• Risk of apnea is highest in premature infants (post conception age <48 weeks) and infants under 1 month of age
  • Routine administration of albuterol has not been shown to have benefit, the most recent AAP guidelines have a recommendation against trial of albuterol (common practices continue to be variable). It should be noted that children with severe disease were excluded from the studies used to make this recommendation.
  • Hypertonic saline administration has not shown to be helpful in the ED setting, but may decrease length of stay in patients being admitted
  • Consider admission for persistent tachypnea, hypoxia, inability to adequately feed, moderate to severe increased work of breathing at rest, or apnea

 

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Category: Critical Care

Title: Resuscitative Thoracotomy - 2 techniques

Keywords: Modified Clamshell thoracotomy, resuscitative thoracotomy, randomized control trial (PubMed Search)

Posted: 8/3/2021 by Kim Boswell, MD
Click here to contact Kim Boswell, MD

Resuscitative thoracotomy is a dramatic and heroic procedure used in the emergency department in an attempt to resuscitate a patient in arrest due to trauma. There are a few techniques commonly used, but due to the extreme nature of the procedure no prior randomized controlled trials (RCTs) have been done.

The modified clamshell thoracotomy (MCT) is a technique in which the standard left anterolateral thoracotomy (LAT) is extended across the sternum, but does not involve surgical opening of the right chest. The MCT allows for increased visualization of the mediastinum and thoracic cavity structures. 

Sixteen Emergency trained physicians (approximately half attending and half senior residents) from a level 1 trauma center underwent didactic and skill based training on both the MCT and LAT techniques using fresh, human cadavers. Following training they were randomized based on order of intervention, performing both techniques.

Their thoracotomies were assessed by a board certified surgeon and “success” was determined based on the complete delivery of the heart and cross clamping of the descending aorta. 

Primary outcome: time to successful completion of procedure

Secondary outcomes: successful delivery of the heart from the pericardial sac (as well as time to delivery),  cross clamping of the aorta (and time to clamping),  procedural completion and number of iatrogenic injuries. 

Overall, there was no statistical difference in primary outcome or successful completion between the MCT compared to the LAT (67% vs. 40%). However, 100% of the LAT resulted in some form of iatrogenic injury (rib fractures, lacerations of the diaphragm,/esophagus/heart/lung) compared to 67% of the MCT technique. There was no associated difference in success when previous experience (attending vs. senior resident) were compared. Lastly, MCT was the favored technique of the majority of the study subjects.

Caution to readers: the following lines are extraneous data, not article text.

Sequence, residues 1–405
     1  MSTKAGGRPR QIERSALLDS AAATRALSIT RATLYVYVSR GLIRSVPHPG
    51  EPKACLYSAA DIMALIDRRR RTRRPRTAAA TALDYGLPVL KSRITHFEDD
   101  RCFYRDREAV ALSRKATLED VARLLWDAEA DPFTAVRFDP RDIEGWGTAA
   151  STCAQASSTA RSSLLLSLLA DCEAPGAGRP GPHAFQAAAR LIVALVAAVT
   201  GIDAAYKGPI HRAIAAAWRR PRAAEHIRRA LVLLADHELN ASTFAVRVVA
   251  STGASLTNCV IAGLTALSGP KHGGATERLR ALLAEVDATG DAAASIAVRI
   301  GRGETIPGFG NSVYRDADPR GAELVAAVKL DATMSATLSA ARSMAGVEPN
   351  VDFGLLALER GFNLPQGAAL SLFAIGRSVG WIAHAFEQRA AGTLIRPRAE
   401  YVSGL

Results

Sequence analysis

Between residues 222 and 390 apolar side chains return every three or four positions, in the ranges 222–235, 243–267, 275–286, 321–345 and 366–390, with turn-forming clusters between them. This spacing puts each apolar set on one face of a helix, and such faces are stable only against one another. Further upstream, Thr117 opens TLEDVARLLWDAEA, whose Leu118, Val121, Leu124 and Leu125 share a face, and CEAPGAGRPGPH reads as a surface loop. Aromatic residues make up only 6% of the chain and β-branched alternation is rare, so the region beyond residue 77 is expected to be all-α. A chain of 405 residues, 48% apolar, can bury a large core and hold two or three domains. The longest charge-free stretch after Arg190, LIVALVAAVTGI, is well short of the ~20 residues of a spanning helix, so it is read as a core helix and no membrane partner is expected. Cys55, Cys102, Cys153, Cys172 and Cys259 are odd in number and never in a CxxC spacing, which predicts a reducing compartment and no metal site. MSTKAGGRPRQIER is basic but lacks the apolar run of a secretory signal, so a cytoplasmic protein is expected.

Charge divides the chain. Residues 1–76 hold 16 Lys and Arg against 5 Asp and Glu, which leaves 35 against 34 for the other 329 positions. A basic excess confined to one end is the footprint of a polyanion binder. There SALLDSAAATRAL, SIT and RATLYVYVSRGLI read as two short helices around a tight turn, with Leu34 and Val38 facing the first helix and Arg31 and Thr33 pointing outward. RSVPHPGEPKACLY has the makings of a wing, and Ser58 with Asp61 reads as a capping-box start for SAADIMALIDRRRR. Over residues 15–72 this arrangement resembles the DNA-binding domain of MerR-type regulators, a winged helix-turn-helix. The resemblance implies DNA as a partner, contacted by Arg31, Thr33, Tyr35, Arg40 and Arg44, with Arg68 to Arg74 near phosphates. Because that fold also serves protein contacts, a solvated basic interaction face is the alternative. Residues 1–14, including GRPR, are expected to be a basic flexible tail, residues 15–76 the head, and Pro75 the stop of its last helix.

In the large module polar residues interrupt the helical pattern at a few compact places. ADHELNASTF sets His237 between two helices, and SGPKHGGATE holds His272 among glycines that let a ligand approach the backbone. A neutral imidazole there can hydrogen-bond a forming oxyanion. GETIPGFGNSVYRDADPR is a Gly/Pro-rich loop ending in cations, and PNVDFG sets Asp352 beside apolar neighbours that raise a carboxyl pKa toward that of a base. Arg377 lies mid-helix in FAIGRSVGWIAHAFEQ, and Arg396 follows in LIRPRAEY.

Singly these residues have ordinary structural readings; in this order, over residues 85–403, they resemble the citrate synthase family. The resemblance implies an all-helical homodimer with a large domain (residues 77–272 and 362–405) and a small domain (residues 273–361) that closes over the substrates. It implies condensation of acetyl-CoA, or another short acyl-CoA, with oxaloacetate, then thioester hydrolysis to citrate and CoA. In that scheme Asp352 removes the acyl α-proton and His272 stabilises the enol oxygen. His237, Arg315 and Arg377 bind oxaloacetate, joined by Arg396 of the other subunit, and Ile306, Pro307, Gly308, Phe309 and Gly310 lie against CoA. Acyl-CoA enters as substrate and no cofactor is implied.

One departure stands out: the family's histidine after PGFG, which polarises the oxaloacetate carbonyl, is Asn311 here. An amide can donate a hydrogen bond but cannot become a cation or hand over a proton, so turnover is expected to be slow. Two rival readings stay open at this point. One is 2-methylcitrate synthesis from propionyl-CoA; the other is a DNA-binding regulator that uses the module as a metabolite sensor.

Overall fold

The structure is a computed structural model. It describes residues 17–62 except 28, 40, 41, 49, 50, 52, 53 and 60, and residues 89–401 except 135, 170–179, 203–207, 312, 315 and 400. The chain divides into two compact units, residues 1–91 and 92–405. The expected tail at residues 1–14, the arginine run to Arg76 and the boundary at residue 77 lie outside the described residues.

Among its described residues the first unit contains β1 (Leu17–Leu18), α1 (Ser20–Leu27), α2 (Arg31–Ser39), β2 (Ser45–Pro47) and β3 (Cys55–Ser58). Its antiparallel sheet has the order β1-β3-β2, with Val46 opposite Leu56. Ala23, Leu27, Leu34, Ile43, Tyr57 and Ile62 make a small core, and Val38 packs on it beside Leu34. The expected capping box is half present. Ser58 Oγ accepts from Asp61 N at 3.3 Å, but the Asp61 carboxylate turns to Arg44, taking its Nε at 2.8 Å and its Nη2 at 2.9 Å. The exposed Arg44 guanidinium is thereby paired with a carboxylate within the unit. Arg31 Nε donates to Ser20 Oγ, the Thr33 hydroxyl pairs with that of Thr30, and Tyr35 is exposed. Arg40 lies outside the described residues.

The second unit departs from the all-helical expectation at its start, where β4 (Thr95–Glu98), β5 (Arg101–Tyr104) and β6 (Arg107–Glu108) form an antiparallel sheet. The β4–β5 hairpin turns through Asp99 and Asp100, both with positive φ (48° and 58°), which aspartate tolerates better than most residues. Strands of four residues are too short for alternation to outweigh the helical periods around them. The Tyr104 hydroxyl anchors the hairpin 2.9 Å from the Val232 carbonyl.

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  • Testicular torsion is a straightforward diagnosis ultimately based on lack of blood flow to the affected painful, swollen testicle.
  • Testicular torsion is the most common cause of acute unilateral testicular pain in peripubertal boys due to rapid increase in testicle size during puberty.
  • Infarction begins as soon as after 2 hours of ischemia.
  • There is nearly a 100% salvage rate if blood flow is re-established within 6 hours.
  • Intermittent testicular torsion is challenging to diagnosis due to spontaneous resolution of symptoms and return of normal blood flow during ultrasound.
  • Beware complaints of repeated episodes of acute unilateral testicular pain and swelling.
  • Up to 50% of boys with testicular torsion reported at least one prior similar episode of acute pain and swelling. 
  • Ultrasound findings of a whirlpool sign (spiral-like pattern of spermatic cord), boggy spermatic cord, and a psuedomass of the distal spermatic cord are concerning even in the setting of normal blood flow.
  • Bottom Line: Peripubertal boys presenting with complaints of acute unilateral testicular pain and swelling should always be referred for urgent follow up even if their symptoms have resolved and when ultrasound may show normal blood flow as intermittent testicular torsion can not be ruled out.

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The much anticipated REMAP-CAP trial was epublished ahead of print July 12th in Intensive Care Medicine.  It was an RCT investigating four antiviral strategies in critically ill adults with COVID-19: lopinavir-ritonavir, hydroxychloroquine, a combination of the two, and no antiviral therapy (control group).  

Despite the hype around protease inhibitors, hydroxychloroquine, and other unproven therapies in COVID (lookin at you next, Ivermectin...), all three strategies had WORSE outcomes than placebo.  They all decreased organ-support-free days (all reaching statistical significance), which was the primary outcome.  They also all led to longer ICU time, longer time to hospital discharge, and reduced 90 day survival.  Not only does this study show no benefit, it shows fairly convincing signs of harm to these therapies.